A few days ago, an Eagle River driver got on the Glenn Highway at North Eagle River, settled his pickup into one of the notoriously deep road ruts, and didn’t have to touch his steering wheel until it was time to turn left on Gamble in Anchorage.
It’s a great story – and might even be true! Everyone lucky enough to live in our community and spend time driving the Glenn Highway knows about the terrible ruts in the roadway. They cause hydroplaning in the summer, skidding and sliding in the winter, and even in clear dry weather they can launch us out of our lane, with dangerous and sometimes deadly results.
The problem has gotten worse as ruts have gotten deeper. And the issue’s come to a head after Anchorage Senator Cathy Giessel recently introduced her Senate Bill 50, suggesting a steep increase in the state studded tire tax, as a way to raise money to help pave roads damaged by ruts.
I wanted to offer some solid background information that should inform the discussion about the Glenn Highway rutting.
What causes ruts?
There are many opinions as to what causes these ruts, including heavy semi-trucks, soft asphalt, studded snow tires and high traffic volume. But according to the Chief Engineer for the Alaska Department of Transportation and Public Facilities (DOTPF), 90 percent of the blame for ruts can be laid squarely on the use of studded tires. About 12 percent of the tires driven on Alaska roads are studded, based on the state’s most current information, based on fee collections.
How is the highway constructed?
The Glenn Highway is built of multiple layers. The bottom layer is about a foot of gravel and sand to allow drainage and to provide more protection against freeze-thaw cycles than required in warmer climates. The next layer is four inches of gravel treated with asphalt containing about 3 percent oil. The top layer is a two-inch cap of asphalt of about 6 percent oil, and is the layer that experiences rutting.
What’s the repaving schedule?
As the most-traveled road in the state, the Glenn Highway is repaved on about a six-year cycle. DOTPF last repaved the Glenn Highway between Airport Heights Road and the Eklutna overpass in 2009 and from Eklutna to the Parks Highway interchange in 2010.
Can’t they use harder asphalt?
Studies in Scandinavia, validated in tests on Juneau’s Egan Drive and Anchorage’s Tudor Road, have shown that a harder asphalt is less susceptible to rutting. The material lasts about 60 percent longer, but costs about 18 percent more, because it must be shipped in from sources in Cantwell for Southcentral projects, or from British Columbia for Southeast work. DOTPF policy now justifies the more expensive, harder aggregate asphalt as costing less over the entire life cycle of a road.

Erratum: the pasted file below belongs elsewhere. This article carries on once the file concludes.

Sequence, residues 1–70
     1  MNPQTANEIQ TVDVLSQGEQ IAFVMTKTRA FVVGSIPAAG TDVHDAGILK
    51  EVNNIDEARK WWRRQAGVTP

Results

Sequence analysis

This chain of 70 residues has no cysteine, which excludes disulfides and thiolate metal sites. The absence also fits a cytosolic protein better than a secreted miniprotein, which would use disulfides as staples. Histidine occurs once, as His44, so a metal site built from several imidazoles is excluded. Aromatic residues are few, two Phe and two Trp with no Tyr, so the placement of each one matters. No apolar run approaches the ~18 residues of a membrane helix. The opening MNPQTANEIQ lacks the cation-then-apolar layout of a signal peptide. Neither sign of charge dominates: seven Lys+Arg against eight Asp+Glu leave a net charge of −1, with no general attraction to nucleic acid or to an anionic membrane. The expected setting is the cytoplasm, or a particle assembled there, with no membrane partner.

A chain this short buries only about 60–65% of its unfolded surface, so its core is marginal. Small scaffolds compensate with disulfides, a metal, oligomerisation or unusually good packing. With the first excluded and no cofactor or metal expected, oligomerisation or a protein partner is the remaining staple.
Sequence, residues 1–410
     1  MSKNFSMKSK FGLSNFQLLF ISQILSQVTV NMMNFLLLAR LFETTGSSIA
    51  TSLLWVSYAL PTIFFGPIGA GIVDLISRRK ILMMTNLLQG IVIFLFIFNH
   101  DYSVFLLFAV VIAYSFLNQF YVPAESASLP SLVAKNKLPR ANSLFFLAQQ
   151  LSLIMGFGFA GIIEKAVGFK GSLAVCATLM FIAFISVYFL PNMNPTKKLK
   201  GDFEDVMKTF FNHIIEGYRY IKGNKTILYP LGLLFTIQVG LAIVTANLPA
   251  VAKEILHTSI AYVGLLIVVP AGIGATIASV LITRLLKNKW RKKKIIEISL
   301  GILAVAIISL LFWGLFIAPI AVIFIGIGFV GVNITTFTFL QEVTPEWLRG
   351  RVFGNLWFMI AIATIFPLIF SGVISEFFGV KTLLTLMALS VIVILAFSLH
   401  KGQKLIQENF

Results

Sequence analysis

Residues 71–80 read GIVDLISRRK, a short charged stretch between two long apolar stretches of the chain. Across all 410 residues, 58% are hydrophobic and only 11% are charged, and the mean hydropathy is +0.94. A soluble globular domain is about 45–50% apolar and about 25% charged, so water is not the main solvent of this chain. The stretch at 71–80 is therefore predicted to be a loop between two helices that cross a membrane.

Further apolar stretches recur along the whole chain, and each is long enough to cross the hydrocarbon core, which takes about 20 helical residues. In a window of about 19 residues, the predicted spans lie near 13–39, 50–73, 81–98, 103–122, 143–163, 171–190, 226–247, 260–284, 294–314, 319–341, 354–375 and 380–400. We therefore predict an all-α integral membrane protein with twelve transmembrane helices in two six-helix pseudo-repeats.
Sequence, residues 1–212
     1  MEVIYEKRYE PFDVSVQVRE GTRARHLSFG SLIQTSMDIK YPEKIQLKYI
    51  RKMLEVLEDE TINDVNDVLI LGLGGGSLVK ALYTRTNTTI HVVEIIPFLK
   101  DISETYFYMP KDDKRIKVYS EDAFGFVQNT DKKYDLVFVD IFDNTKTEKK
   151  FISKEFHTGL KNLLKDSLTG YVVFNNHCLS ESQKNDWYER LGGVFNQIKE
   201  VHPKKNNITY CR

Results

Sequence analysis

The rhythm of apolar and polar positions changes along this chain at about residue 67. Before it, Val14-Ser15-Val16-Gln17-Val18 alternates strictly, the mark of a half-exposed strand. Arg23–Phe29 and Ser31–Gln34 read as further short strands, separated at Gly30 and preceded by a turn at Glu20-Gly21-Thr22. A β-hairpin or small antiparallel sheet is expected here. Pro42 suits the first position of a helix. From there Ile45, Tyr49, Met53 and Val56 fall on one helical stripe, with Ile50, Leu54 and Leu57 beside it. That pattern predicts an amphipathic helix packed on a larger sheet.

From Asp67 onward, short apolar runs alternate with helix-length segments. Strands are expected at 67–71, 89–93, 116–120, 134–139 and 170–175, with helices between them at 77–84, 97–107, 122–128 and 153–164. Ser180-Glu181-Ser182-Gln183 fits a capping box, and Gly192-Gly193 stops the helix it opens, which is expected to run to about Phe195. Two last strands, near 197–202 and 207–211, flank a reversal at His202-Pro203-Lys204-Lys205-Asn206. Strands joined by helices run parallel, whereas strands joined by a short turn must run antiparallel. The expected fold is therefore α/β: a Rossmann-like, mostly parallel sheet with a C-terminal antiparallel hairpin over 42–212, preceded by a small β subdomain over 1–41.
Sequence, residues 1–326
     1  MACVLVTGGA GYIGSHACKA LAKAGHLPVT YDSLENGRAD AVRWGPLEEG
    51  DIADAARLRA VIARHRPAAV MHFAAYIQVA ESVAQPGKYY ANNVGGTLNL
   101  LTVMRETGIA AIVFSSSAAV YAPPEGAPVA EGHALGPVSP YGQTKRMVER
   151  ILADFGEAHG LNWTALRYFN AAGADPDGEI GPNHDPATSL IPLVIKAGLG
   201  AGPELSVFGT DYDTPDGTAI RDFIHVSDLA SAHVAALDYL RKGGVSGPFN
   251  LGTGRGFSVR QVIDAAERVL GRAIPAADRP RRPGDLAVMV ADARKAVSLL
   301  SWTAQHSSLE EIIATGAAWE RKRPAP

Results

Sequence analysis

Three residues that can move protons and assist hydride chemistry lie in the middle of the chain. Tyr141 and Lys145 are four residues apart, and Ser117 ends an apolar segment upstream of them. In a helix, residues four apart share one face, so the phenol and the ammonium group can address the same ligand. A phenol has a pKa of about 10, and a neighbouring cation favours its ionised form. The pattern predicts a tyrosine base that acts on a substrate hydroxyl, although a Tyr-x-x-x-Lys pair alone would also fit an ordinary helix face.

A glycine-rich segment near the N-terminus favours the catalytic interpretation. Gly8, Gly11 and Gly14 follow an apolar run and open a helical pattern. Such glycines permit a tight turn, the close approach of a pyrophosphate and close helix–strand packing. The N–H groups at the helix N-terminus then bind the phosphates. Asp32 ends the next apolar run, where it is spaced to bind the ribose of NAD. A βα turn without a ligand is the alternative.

Is there hope for getting rid of the ruts?
Yes! The good news is that the Glenn Highway will be repaved this summer, using the harder aggregate asphalt. The section between Airport Heights Road and the Eklutna overpass will be repaved this summer. The Eklutna to Parks Highway interchange work will be done in late summer and fall. The projects will cost about $15 million and $12.6 million, respectively, with 90 percent coming from federal highway funds, and the state contributing the required 10 percent match.
I haven’t yet talked with Senator Giessel to learn her exact motivation for introducing her studded tire fee bill. But I know her to be a clear-eyed conservative, with a good heart for her constituents. So I can’t think she is trying to punish anyone but offered the bill in good faith to make those causing most of the rutting problem pay most of the cost to fix it.
That said, however, I am probably as startled as anyone at the scope of the increase. A 1,500 percent hike in a user fee is shocking, and there should be no surprise at the public outrage. I cannot support the bill in its current form, and if the fee is not lowered or eliminated by the time it makes it to the House, I will work to make it more rational.
But work crews, equipment, and asphalt cost money, and it has to come from somewhere, even if it’s only our 10 percent share of the total. It will be up to citizens like you, expressing your thoughts through legislators like me, who must decide how we are to pay such costs. So, I would be glad to hear your ideas on funding sources for road maintenance, so that we can avoid the pain of such large increases in the studded tire fee.
Editor’s Note: Rep. Dan Saddler, District 13-R, represents Chugiak-Eagle River and JBER in the Alaska State House of Representatives.
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